Archive | April, 2012

Balancing the budget

Posted on 26 April 2012 by admin

NDP Leader Andrea Horwath has scored a major victory by convincing Ontario Premier Dalton McGuintyto tax the rich in the province with a view to bring down deficit. This deal of sorts was struck to ensure that the budget presented by the minority government is passed and a snap election avoided. This coming together of the Liberals and the NDP assumes critical significance given the decision of the Progressive Conservatives (PC) to vote against the budget. PC’s position is to reduce government spending and increase opportunities for private sector employment.

At a press conference last Monday, McGuinty announced that those who earn more than $500,000 a year would be asked to pay a 2 per cent surtax. The new tax would generate revenues of $470-million next year. All this money would be used to help reduce the deficit said the premier.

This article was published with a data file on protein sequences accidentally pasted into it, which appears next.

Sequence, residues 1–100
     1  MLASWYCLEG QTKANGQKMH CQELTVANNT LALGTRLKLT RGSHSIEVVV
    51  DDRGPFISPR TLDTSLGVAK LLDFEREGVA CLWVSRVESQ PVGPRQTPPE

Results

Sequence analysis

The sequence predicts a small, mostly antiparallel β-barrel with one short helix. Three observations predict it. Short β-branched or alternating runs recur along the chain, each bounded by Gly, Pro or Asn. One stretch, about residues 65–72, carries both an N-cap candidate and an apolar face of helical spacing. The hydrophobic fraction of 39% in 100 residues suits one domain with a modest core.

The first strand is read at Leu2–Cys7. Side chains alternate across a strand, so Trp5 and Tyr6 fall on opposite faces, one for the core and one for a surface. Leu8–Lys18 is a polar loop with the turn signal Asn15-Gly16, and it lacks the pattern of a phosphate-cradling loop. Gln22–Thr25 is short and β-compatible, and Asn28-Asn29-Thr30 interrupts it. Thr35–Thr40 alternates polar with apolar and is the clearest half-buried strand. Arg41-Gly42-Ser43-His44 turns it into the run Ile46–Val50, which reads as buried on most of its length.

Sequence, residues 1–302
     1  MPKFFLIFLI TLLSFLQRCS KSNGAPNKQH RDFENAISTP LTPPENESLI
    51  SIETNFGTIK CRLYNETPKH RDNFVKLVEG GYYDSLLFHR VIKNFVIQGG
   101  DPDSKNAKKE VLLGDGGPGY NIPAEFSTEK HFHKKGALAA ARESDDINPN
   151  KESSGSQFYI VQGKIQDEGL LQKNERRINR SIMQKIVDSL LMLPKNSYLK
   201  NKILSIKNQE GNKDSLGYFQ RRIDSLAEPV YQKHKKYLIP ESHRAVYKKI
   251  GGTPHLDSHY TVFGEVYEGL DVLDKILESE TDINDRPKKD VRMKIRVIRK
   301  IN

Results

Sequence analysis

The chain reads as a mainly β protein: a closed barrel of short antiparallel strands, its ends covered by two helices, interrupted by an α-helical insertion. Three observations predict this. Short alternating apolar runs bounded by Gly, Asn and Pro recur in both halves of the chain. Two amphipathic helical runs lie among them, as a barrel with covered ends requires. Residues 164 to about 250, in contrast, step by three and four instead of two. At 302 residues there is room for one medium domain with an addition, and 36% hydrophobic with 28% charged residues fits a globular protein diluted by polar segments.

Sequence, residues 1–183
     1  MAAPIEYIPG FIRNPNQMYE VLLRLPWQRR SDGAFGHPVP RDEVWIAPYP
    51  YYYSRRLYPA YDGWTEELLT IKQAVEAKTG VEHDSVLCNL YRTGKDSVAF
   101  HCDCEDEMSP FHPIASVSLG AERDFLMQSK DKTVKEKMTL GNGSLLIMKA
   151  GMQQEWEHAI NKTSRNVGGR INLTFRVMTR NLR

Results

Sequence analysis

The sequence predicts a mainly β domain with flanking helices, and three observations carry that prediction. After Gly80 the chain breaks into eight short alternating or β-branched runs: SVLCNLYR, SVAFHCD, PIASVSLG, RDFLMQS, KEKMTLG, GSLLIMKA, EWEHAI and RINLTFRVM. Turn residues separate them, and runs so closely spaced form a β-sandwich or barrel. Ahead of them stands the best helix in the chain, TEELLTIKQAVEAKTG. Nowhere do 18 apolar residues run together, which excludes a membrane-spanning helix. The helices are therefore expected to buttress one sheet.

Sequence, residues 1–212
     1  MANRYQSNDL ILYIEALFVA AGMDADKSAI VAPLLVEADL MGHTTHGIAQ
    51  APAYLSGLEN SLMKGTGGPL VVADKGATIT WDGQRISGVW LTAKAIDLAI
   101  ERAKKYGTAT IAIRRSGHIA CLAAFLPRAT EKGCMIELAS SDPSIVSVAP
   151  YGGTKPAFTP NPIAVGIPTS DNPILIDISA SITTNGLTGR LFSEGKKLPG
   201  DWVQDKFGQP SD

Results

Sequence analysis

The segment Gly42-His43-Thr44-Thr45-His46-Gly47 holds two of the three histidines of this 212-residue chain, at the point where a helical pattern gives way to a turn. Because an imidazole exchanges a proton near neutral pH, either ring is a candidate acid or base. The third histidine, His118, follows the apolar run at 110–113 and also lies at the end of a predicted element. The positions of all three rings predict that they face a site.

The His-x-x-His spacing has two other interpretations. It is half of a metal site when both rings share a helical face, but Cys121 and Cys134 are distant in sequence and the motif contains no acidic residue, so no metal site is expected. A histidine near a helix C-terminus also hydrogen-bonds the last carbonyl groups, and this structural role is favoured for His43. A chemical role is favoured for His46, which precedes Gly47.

The agreement between the Liberals and NDP is being seen as a sensible move by many Ontarians, given the province’s sizeable deficit. However, some are cautious regarding the eventual spending of the additional revenue. They fear it might get channeled into expenditure in other areas as opposed to reducing the deficit. Critics also caution against using taxes as a symptomatic and not a real solution. They advocate bringing down government spending, while also focusing attention on issues that need improvement. Two of the biggest such issues are healthcare and education, both highlighted by economist Don Drummond in his report on Ontario’s budget. As Drummond said, “Health care is a prime example: it constitutes over 40 per cent of the province’s spending and its budget has been rising at more than 7 per cent a year over the past decade. Yet aside from the U.S., the phenomenal spending buys rather mediocre results compared to other developed countries. Parts of the system remain in silos when they should be integrated, and patients fall between the cracks. Information technology isn’t used effectively. People languish in the wrong facilities at high cost and satisfaction is often poor. We can and must do much better with slower funding increases.”